This past August, I decided to resurrect a tradition that my father and I used to do every year when I was younger: go see professional tennis at the (now named) IGA Stadium in Montreal. Every year on the professional tennis circuit, both Montreal and Toronto host tournaments in Canada, with the cities alternating each year with regards gender; this year, it was the women who played in Montreal.
I was lucky enough that on the day I went, I got to see Canadian Leylah Fernandez play against the U.K.’s Harriet Dart. Although Dart ended up winning the match, it was Fernandez who only a month later would make it all the way to the U.S. Open finals with an incredible string of challenging victories. Both her and male counterpart Felix Auger Aliassime did Canada proud with their amazing play.
One interesting thing I realized on that day in early August day: not only were there no line judges on the court, but as well there was no net judge either. Although electronic technology has been used in tennis for years (to help with verifying questionable human line calls), this was my first time seeing service calls being made electronically as well. There was no one crouched at the end of the court with their fingers wrapped around the top of the net, ready to call “let” if the player’s serve happened to touch the top white seal/border of the net. Replacing the human hand is a rectangular sensor that is installed under the border, which gets triggered whenever a served ball touches the border.
Upon subsequent reading, I learned that in order to reduce staff due our current world situation, the 2020 U.S. Open tournament used electronic judging on most matches, excluding those held at their 2 big courts (Arthur Ashe Stadium and Louis Armstrong Stadium). At this year’s 2021 Australian Open, all matches used electronic judging for the first time in a Grand Slam event.
So yes, it seems that in order to reduce the amount of possible human interaction during a match, the use of electronic judging technology has increased and will likely never revert back to its human ways. That said, electronic technology ultimately began being used in tennis (as well as other sports such as cricket, badminton, and even snooker) in order to reduce and ideally eliminate something Quality practitioners know very well: HUMAN ERROR.
With the release of the 5th edition of the ISO 9001 standard (ISO 9001:2015), the principles of Risk Management were imbedded into the standard, an approach that the AS9100 standard had already done with its 2009 revision. Organizations had to (finally!) make risk management an integrated part of their management system. As well with the 2015 revision, the element of human error finally found a place in 8.5.1 Control of production and service provision, which states:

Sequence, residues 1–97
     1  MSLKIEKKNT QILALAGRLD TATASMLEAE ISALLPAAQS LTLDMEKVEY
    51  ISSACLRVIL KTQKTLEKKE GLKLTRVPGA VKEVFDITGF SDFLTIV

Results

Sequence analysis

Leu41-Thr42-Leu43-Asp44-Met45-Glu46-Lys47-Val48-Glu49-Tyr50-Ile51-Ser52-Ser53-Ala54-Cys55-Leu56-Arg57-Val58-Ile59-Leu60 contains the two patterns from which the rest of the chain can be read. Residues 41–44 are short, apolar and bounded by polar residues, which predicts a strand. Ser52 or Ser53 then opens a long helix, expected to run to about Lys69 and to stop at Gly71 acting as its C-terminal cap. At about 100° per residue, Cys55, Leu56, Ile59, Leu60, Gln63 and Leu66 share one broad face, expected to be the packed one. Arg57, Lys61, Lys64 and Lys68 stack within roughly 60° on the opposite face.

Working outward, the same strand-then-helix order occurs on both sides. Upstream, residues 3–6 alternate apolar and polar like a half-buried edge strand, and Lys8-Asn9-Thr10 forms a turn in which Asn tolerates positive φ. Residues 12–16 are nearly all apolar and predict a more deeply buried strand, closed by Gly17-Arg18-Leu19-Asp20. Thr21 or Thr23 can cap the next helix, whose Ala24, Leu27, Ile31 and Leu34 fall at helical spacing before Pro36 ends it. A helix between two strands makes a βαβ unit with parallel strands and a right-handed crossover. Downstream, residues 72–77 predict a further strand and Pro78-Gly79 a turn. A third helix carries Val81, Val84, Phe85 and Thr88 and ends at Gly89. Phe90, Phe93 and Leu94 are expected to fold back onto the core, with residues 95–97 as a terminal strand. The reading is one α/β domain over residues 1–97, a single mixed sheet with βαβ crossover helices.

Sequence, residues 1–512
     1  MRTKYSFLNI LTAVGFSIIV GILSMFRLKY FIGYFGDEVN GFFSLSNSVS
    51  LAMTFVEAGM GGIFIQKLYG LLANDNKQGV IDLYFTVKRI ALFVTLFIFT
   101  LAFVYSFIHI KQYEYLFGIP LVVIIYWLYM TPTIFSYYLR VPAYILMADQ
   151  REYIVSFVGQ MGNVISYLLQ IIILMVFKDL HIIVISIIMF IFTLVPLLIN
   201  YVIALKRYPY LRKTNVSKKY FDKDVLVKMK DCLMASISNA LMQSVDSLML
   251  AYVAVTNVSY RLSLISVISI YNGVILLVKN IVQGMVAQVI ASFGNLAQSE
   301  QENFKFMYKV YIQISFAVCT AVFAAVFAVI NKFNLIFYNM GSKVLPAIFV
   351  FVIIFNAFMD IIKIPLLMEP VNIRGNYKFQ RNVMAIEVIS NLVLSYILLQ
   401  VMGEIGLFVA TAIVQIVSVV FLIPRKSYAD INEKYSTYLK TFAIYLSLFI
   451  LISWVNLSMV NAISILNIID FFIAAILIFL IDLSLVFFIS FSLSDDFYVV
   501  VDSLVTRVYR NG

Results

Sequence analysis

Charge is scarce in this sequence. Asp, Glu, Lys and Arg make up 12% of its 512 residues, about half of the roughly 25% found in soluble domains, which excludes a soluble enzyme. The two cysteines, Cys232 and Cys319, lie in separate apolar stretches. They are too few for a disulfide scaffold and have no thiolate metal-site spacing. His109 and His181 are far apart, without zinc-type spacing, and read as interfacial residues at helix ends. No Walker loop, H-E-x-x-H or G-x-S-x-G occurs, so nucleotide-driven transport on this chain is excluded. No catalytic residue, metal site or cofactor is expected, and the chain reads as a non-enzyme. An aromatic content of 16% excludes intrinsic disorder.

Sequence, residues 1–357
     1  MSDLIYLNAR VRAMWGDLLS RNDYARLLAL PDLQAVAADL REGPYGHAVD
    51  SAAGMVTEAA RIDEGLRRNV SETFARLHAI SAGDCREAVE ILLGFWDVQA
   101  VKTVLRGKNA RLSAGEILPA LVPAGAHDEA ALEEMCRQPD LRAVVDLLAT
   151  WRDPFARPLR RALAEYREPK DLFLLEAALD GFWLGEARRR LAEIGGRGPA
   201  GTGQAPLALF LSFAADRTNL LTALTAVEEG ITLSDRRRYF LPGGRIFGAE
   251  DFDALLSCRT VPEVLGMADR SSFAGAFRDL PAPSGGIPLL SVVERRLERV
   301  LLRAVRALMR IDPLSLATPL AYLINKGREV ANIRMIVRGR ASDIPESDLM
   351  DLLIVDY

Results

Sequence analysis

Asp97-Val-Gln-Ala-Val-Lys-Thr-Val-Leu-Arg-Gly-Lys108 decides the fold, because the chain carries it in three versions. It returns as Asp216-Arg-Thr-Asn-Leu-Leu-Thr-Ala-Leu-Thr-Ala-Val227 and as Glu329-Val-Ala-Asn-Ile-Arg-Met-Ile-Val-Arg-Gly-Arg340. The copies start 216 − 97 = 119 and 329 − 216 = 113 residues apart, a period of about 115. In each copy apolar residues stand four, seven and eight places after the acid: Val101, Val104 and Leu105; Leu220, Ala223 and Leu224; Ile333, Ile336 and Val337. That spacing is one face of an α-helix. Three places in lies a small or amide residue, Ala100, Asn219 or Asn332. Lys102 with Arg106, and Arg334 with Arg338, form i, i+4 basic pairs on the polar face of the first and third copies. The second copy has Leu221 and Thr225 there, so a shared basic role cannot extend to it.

“The organization shall implement production and service provision under controlled conditions. Controlled conditions shall include, as applicable:
g) the implementation of actions to prevent human error”
So organizations are now in a situation where they are mandated (as applicable) to evaluate their production and service operations for ways to prevent humans from being, well, occasionally human. Mistakes occur, we all know this . . . even during tennis matches. You can easily go on YouTube and find plenty of video compilations of players disputing rulings that they saw one way, but the human line or net judge saw/felt another. So by slowly implementing electronic judging into the game over the years, the tennis world (aka the organization) has been attempting to reduce/eliminate the human error from the game . . . by eliminating humans ;-). That is one way to go (extreme!), but ultimately the standard’s minimum expectation is for companies to look at how to best mitigate the risk that a human fault may occur.
One judge that still remains on the tennis court during matches is the chair umpire, so there is still a human overlord during the proceedings. That said, it would not surprise me if in my lifetime that role also goes . . . electronic.
EDITOR’S NOTE: Neither the “C” word nor the “P” word were used during the writing of this article. Photo taken (and edited) by Michael Bournazian.
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Thank you, all the best and none of the worst.